In The Art of Agile Development, Shane and I originally planned to introduce agile development with a section called "Your Brain on Agile." We wanted to introduce the ideas of agile and XP with a story, so Shane wrote a nice little story to set the tone. (You can tell it's his because there's a monkey in it.) Over time, we realized that the idea of simultaneous phases--originally a practice in Part II--was so foundational that it needed to be introduced at the beginning of the book. "Simultaneous Phases" already opened with a story that fit the material, so Shane's story got cut.
I really liked the original story, though, and was sorry to see it go. Although it doesn't provide as much of an overview as the story we shipped, it does a much better job of giving the feel of being a programmer on an XP team. For the first time, here it is:
Your Brain on Agile
Ben was early; traffic had gone his way and the office was silent with a morning calm. He always enjoyed the peace before his co-workers filled the room. What would he work on today?
It was Tuesday: delivery day again. Ben walked over to the big whiteboard with the iteration plan on it. It was covered with task cards, most marked green. Five of the six stories were done. There was a new card on the board--looked like Fiona, one of the testers, had found something after he left last night. "UI stops responding temporarily if search button is clicked ten times in one second," Ben read. He smiled, shaking his head. How did they find these things?
It wouldn't do to leave a defect in the application, and besides, Ben was curious. Carlann and Jerry were also in the office, checking their mail quietly in the private cubbies. "Hey, guys," Ben called. "I'm going to take a look at this search thing Fiona found. Either of you want to work on it with me?" Carlann nodded and waved. "Yeah, we found that while pairing last night. Crazy, huh? Just give me five minutes to wrap up here."
Ben sat at one of the dozen pairing stations clustered in the middle of the room. He logged in, then updated to the latest version of the project's source code. By habit, his first action was to run the unit tests to make sure everything was still working. He didn't expect any failures, but he always felt a little surge of energy when everything passed happily. Today was no different. He smiled; no matter what he changed, he would start from a fresh, working baseline.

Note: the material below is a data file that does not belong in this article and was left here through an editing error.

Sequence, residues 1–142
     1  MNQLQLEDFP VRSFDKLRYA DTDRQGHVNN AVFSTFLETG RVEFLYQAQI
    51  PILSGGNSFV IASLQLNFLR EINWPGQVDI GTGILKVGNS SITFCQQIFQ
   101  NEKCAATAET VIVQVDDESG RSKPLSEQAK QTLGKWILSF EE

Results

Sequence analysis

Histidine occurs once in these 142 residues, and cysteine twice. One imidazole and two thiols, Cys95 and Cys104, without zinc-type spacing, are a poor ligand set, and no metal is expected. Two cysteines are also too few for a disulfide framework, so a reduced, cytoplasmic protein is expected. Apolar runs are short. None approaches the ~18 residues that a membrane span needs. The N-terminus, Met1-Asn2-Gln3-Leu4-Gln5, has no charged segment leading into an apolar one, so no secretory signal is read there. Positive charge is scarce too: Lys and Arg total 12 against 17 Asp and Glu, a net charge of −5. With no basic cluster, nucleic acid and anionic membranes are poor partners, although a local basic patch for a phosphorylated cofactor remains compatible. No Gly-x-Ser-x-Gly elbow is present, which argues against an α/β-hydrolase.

Carlann still wasn't ready, so Ben kicked off the customer tests, too. They would take a little longer to run, but he was sure they would all pass, too. [Ed: actually, customer tests should be part of the main build, and run as fast as unit tests. We hadn't yet finalized our approach to customer testing when this was written.] He got up and wandered over to the board again, enjoying the calm progress they had made this iteration. It looked like they would be right on time again.
"I'm ready now, Ben," Carlann called. He nodded. Time to get to work.
Soon it was nearly 9:15 am. Time for the stand-up meeting. Everybody had arrived by now and there was a busy hum of work in the air. Ben got up, stretched, and refilled his monkey-shaped coffee mug. Others were stopping to take a break, too, and Ben joined them in standing around the coffee table. Each person gave a brief status update, then it was Ben's turn.
"Eric and I worked on the database connection logic yesterday and we think we've fixed the problem of leaking connections once and for all. Bottom line is that you no longer open, close, or handle exceptions... you pass a code block to the database and it does it for you. It's a pretty cool solution; take a look.
"Today, Carlann and I are working on Fiona's search bug. We should have it solved in an hour or so."
The meeting wrapped up quickly and a few minutes later Ben was back at work with Carlann.
"Okay, Carlann," Ben said, "We've found the problem, here, in the interaction with the network code. It should be easy to fix. But you had some concerns...?"
"Yes," Carlann replied. "Sure, we can fix this easily. But what's to stop something like this from happening again? I hate it when a bug slips past our tests. I see two problems: first, our networking code shouldn't freeze like that. But the deeper problem is that our UI allowed the button to be pressed again while it was in the middle of an operation. And it's not just this button--all of our buttons are like that. We need to improve our UI abstraction."
"Okay, I see what you mean." Ben nodded. "Okay, how about we fix the problem in the networking code and check in. That's pretty easy and that way the code will be ready to ship even if we don't finish refactoring the UI. Then we can dive in and see what we can do about that UI design."
Carlann smiled. "Sounds like a plan!" She started typing. "Now, here's the test I think we missed in our networking code..."